It might seem odd to include the 5.56 NATO here, since it is the most popular AR-15 cartridge and the current military chambering, but the round has undergone considerable changes since its adoption. There are essentially two classes of this cartridge. The first and original class features light bullets like the 55-grain found in the M193 round. The second, epitomized by the Mk 262, Mod 0, and Mod 1 rounds developed by Black Hills, uses heavier bullets for long-range, precision shooting.
Built for the U.S. Navy’s Mk 12 SPR and now coveted by snipers and designated marksmen using similar rifles, the Mk 262’s 77-grain Sierra MatchKing projectile has a listed effective range of 600 yards, though it has certainly been put to use at longer ranges. It achieves velocities around 2,750 feet per second (fps) from 18-inch barrels and benefits from advanced propellants. Hornady loads a 75-grain hollowpoint boat-tail bullet in its .223 TAP line with similar specs.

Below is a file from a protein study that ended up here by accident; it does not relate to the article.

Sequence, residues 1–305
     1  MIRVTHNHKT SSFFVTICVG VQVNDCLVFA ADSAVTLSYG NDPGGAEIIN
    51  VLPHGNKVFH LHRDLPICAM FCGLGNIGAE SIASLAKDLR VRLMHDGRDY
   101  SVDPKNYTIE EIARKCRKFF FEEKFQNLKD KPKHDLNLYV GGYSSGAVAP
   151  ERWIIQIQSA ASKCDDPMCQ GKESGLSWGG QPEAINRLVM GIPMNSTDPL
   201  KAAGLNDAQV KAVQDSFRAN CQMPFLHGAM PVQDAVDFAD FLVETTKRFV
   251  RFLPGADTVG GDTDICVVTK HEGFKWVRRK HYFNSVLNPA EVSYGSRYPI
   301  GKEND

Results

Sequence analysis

Slower 1:7 twist rates are required to stabilize the heavier/longer bullets. Once they strike soft tissue, the bullets yaw and usually fragment to some degree, greatly increasing lethality over that of the more widely issued rounds like the M855 62-grain Penetrator or Green Tip. Serendipitously, the bigger bullets also perform quite well at close-quarters distances, when fired from short-barreled rifles like the Mk 18 (10.3-inch barrel) fielded by entry teams.
Shooters of all types have benefited from the military’s extensive efforts to improve on the 5.56mm NATO round, and now we have ammo options that extend the range and increase accuracy and lethality.